2. @solo: Yup, none of them did. There’s even a story of Prost not giving McLaren his Italian GP winners trophy after he tossed it to the crowd. Ron Dennis was furious, and Prost had to get a replica made just to keep Ron happy.

              Very odd though that Lewis is holding off on trophies (for which he knows McLaren are strict on AND he can get replicas made for himself as you said). If I didn’t know better, I’d think he was looking for excuses not to sign with them…

            3. Just for the record, Lewis said drivers get to keep the “Original” trophies. Ergo, I assume they can replicate them.

              So Lewis is getting his trophies, just not the originals.

        2. Perhaps he should solve the problem at the source and try to get the FIA to award 1st, 2nd, 3rd “team trophies” on the podium as well as drivers, teams get theirs to keep, drivers theirs.

          Also gives something extra to those the team selects to accept the trophies on the podium.

      4. I think if a driver is going to fight for anything, it should be that.

      5. They can’t take the trophies unless they take responsibility. We all know the tech is important but when a driver does anything else other then win it is the “team’s” Under-performance (not is such clear words )that is the cause.

      6. Can Hamilton really hold out for things like trophies in his contract?

        He probably could – but he’d just have to be more flexible in other areas. Say he wants three years and the ability to keep his trophies. McLaren may offer him the ability to keep his trophies, but only if he signs up for five years.

      7. My first reaction to the Hamilton story was “why does he want three dozen crappy Santander logos for his mantlepiece?”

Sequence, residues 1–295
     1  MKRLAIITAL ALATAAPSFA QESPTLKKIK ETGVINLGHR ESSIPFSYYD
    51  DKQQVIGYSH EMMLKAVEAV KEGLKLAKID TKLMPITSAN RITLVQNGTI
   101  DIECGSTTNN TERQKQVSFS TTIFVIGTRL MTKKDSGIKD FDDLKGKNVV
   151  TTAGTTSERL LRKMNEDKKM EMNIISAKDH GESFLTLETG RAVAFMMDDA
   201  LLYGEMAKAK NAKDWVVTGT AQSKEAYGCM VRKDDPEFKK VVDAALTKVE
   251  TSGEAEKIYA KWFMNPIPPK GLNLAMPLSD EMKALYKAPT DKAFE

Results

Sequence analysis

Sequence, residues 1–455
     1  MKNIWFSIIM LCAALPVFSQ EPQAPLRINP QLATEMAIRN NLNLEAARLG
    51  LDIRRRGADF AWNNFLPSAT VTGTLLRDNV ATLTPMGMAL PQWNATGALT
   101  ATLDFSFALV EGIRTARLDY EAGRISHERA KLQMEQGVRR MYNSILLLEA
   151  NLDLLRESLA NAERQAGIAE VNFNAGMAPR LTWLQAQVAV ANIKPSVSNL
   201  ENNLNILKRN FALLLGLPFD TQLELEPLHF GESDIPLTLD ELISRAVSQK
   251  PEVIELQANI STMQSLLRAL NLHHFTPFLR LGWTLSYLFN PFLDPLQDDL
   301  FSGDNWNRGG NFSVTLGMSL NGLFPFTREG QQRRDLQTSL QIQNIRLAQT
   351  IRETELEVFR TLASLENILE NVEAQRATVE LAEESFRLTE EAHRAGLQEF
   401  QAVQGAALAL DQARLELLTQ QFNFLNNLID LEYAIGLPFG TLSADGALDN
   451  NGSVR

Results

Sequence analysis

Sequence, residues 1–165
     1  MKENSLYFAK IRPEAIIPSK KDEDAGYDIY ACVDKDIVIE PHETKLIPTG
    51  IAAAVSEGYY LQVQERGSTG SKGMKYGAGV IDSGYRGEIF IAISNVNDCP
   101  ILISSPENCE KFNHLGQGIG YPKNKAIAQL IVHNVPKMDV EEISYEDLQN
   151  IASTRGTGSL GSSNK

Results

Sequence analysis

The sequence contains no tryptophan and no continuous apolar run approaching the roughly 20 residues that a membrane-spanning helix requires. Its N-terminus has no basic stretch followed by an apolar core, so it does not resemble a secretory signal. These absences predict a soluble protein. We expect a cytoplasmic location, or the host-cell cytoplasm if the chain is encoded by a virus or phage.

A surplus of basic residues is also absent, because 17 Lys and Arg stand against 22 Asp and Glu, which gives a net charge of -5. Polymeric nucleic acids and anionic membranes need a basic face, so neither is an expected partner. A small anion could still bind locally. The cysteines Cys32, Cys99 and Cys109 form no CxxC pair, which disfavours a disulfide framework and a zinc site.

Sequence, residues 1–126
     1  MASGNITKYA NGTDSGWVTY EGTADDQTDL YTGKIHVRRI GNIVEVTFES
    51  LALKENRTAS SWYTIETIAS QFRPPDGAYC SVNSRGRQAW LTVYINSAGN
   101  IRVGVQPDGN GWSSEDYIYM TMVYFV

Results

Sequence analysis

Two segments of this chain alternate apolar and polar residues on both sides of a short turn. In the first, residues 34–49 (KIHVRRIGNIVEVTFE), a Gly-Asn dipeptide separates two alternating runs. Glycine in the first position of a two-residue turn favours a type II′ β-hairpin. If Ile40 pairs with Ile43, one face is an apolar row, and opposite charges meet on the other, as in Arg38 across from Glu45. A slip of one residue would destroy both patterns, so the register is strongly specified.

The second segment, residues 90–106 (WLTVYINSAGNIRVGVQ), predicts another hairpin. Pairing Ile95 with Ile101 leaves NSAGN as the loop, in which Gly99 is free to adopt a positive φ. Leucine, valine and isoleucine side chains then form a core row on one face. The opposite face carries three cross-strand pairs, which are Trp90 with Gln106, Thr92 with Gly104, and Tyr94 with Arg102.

But seriously, I think he should be wary of the message it sends for him to be insisting on this point. McLaren have row upon row of trophies in the MTC which everyone who works their pass every day. He should consider the implication of taking this tangible and visible link to their shared success away from the team members.

        Of course, as he correctly points out, it wouldn’t be a matter of contention in another team. But this is the way McLaren have always done it and it’s a heritage he’s bought into. The trophy case has even featured in all three episodes of Tooned…

        But I’m sure a compromise is possible here – such as giving him originals of the trophies from some special races, such as his first win, a home win or a Monaco win, something like that.

        1. I would have thought that originals would mean more to the driver than the team, and is it so hard to get replicas made for the MTC trophy cabinet? But you’re right in that if anyone should know the McLaren way of doing things, it should be Lewis Hamilton.

          I’m also thinking that, while I don’t want to treat the matter too lightly, if they’re negotiating over trophies then everything else must be agreed.

          1. My thought is that Hamilton wants to leave but doesn’t want to say it out loud. So instead he asks for something outrageous. That’ll keep both his value and McLaren intact. But where to go? Do a ‘Schumacher’ @ Williams?

            1. Makes sense. Some people leave town/country to get rid of their long term boyfriend/girlfriend :) It’s not easy!

        2. One word hit the nail.. Compromise.